Compared with the £5 million cost of the new 'space-age' media centre at Lord's, the two commentary boxes either side of a new electronic scoreboard at Edgbaston cricket ground in Birmingham may seem insignificant. To be fair, the boxes are for radio commentaries only. However, to the thousands of cricket enthusiasts tuning in to listen to the ball-by-ball commentaries, they are anything but insignificant.
The architect, Bryant Priest Newman Architects, has had a long association with Edgbaston cricket ground, which is the second largest capacity cricket ground in the UKand the home of Warwickshire County Cricket Club. The practice worked as an equal partner with David Morley Architects on an indoor cricket centre at the same ground, completed during 2000, and is currently designing a series of new canopies and additional seating to the Eric Holles Stand (AJ 7.12.00) that will be completed this year.
The ground lies in Birmingham's most affluent suburb, a verdant park-like neighbourhood created by Victorian developers for the factory-owning class - though industry itself was banned from the area.
The main pitch at Edgbaston is surrounded with traditional tiered seating, largely built in the 1950s and 1960s, of reinforced concrete and rendered brickwork; some seating is enclosed but most is open to the elements. Spectators reach their seats in the tiers by a series of staircases, with the space below the tiers used for bars, cafes and storage.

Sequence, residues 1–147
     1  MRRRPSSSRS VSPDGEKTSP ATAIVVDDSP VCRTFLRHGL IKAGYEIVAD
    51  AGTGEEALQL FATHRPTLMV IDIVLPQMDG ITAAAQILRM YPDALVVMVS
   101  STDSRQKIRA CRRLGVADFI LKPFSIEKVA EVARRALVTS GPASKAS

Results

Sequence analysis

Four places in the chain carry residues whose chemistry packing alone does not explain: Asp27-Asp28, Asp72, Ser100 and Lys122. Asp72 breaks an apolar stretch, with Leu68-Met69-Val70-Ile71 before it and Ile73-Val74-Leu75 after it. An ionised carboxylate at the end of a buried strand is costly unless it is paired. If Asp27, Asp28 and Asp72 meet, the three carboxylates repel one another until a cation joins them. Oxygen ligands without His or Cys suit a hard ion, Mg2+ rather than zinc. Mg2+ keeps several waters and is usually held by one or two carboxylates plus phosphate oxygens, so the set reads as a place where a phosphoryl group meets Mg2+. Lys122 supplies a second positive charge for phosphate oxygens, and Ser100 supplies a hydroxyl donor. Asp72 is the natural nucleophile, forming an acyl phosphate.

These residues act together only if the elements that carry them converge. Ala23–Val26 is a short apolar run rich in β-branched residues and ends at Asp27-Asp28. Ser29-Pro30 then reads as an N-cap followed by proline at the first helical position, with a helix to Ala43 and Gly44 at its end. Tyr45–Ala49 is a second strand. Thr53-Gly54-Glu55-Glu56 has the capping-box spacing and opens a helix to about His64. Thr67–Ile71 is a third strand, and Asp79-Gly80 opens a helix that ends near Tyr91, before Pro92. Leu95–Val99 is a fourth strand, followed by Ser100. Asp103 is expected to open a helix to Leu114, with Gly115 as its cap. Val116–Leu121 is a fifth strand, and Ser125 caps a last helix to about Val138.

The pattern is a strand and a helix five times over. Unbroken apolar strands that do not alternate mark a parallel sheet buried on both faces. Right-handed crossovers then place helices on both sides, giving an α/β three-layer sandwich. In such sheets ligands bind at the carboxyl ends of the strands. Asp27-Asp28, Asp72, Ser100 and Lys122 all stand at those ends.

The two new boxes, which cost a total of £35,000, replace four original boxes - basic timber shed jobs - which had to be dismantled to make way for the scoreboard.
The architect has neatly positioned the new boxes on the roofs of two of the staircases, giving them a prime view without losing valuable seats. Access to each box is by a simple galvanised steel staircase fixed to the tiers and leading to a gridded steel landing.
It is a minimal plan - a single 2 x 2.5 x 2.1m space with a built-in desk facing a frameless glazed wall which extends around the corner, the edge sealed with clear silicone. The floors of the boxes are carpeted, as are the desktops which the commentators use during matches. 'The radio commentary nearly always goes out live, ' explains the architect, Richard Newman, 'and reporters always worry that they might drop the microphone on a hard surface, transmitting a deafening crash to the ears of cricket enthusiasts.'
Being in such a prominent position, the boxes had to look good while blending in with their surroundings. 'We designed each box as an assembly of folded elements to make it appear unobtrusive; it's similar in concept to the design of the indoor cricket centre, ' explains Newman. Each wall element - white-painted timber weatherboarding, plywood, profiled aluminium and frameless glass - is 'folded' to overlap the adjacent wall plane.
The weather-boarded wall rises to a simple band of clerestory fanlights which give ventilation. The boxes are covered with a flat roof trimmed with aluminium.
Since they opened last spring - in time to cover last summer's test match between England and the West Indies - the boxes have been well used. And soon the likes of Jonathan Agnew will be picking up their microphones in readiness for the the next big cricketing encounter at the ground - the Ashes clash against the Australians.
ARCHITECT Bryant Priest Newman Architects
STRUCTURAL ENGINEER Farebrother & Partners
QUANTITY SURVEYOR Francis Graves
CONTRACTOR Circle Contracts
SUPPLIERS roof Trocal; fabrication Lowe Engineering (Midland)